Our relationship became more profound when I was in China. She never mentioned about that night at our house in the Philippines and that song. We often talk on the phone. She would call me in odd hours from Japan and we would talk about guys and their dicks, blowjobs, anal sex, her skin regimen and more guys and dicks. Call it superficial, but that was how I related to my sister. That was how we talked. The serious issues we never discussed in depth because she reasoned that they would still be there after the discussion – that they would still be unresolved issues. She avoids them like a plague. Perhaps, I do too. I never called her ate (elder sister in Filipino) after that night. I always called her Carrie or Ayrak. She liked it and I liked it too. It was a silent agreement between us that we wanted to be both in equal footing. She would always say that she was the most beautiful child in our family. I'd play along and tell her that t it was usually the youngest who had the best qualities since the genes that were passed on the child were already fine tuned. We'd go on for minutes just outdoing each other. I'd tell her that her breast needed augmenting and then she'd tell me that even sex change wouldn't solve half of my problems. Good times. I never realized that my sister who was miles and miles away from me would actually turn out to be my first fruit fly.
She can be impossible at times. No, she was impossible most of the times. She made so many wrong decisions that affected her life and her children's as well. I didn't speak to her for a time because of that. I wanted her to get her act together and be a mother for once. We didn't talk for a 6 months. I was angry and apparently so was she.
It didn't last though. It only took a phone call at an odd hour. Although we both knew that we still hated each other's guts, we both still wanted the engagement that we have established for it was genuine. And like us, it was beautiful.
The last time I saw her was about five months ago. I had to ask a five day leave from work just five days after I came back from my summer holiday in the Philippines. My bosses understood. I packed like lightning and flew back to Manila. I went two days ahead of them. My sister who was in California went to Japan to bring her to the Philippines. It was a one way ticket for Carrie. I saw her at the airport. She lost a considerable amount of weight and one could tell that she was sick. She walked in very small steps like she had her feet bound with those Chinese shoes. I could hardly hear her voice. When I hugged her she started coughing and didn't stop. My sisters and my mother and even my father who has aged and mellowed through the years were shedding tears. I wasn't. I was counting the people in the airport. Counting airplanes arriving and departing. Focusing on certain colors like blue, red or green. I wanted to be seven again. Life was too simple when you're seven. You could always go home. But when you're thirty, you're old enough to realize that a home isn't always a safe haven. A home can be intruded by hatred and violence and madness and by sadness. By cancer. When a home is intruded, one asks himself where to go. At thirty in a balmy afternoon in an airport in Manila, I was trying very hard to be seven again.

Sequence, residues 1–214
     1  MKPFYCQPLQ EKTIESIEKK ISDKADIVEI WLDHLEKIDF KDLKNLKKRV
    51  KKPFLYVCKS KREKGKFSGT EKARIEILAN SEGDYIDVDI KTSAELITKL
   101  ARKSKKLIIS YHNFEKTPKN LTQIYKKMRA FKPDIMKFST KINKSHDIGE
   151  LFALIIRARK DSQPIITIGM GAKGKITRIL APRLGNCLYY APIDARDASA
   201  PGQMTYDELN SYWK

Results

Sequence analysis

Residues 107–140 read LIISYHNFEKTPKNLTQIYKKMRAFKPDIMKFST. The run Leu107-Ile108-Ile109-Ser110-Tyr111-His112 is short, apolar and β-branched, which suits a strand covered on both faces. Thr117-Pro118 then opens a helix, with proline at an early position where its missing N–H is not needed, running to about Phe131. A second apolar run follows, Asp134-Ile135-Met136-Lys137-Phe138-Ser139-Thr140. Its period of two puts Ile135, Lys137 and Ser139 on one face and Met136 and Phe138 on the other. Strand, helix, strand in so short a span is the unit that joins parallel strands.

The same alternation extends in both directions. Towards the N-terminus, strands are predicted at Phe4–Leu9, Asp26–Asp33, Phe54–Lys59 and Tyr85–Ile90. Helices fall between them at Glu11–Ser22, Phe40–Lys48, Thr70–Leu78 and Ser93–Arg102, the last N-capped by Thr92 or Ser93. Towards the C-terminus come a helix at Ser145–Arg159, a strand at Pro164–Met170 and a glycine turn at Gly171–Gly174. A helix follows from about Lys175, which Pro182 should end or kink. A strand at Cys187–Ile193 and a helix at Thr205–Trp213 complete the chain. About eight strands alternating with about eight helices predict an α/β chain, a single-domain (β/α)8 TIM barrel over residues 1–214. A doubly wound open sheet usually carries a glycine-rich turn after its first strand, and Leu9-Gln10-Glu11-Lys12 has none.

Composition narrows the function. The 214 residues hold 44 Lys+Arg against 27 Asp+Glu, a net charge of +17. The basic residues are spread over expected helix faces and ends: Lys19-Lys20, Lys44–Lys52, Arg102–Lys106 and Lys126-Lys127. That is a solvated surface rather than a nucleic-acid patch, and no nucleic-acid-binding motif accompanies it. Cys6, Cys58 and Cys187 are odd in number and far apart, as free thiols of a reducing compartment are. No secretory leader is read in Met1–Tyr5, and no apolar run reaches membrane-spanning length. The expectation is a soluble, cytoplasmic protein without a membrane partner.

She managed to get herself a ticket back to Japan. She said that she would return and she would want to go back and spend more time with her daughter and her granddaughter. Yes, she was already a grandmother. The look on her face when she saw her grandchild. It was pure energy.
She refused to believe it was cancer. She refused chemotherapy. She said knew what to do, she would get well and that she would work again. For the first time, the family really talked. All of us. It was a first time that I've seen my brother teary eyed. I finally did cry, over the phone talking with my boyfriend. I didn't want her to see me like that. I knew her well. She didn't want a pity party. She didn't want people crying when they see her state. She wanted a sugar coated reality. And I provided it for her. I told her to make herself well before I left. I told her that she would need to live 25 more years so she could watch her grandchild grow up and get married. I told her she needed to beat whatever it was that was afflicting her. She was a bullfighter and she needed to vanquish the bull in front of her. She liked my version. Somehow, she knew that I understood.
The song came up again on my last night in Manila. I think she may have forgotten that we had this conversation years before. I didn't tell her though. I just listened. This time, she wasn't smoking a cigarette. This time it was all her. No masks. Just her. Carmen.
How does one feel when a person he loves dies? Does he cry? Or wail? Or lament at the life, precious as it was, that was stolen. I honestly don't know.
But I am happy.
Because my sister can be beautiful again.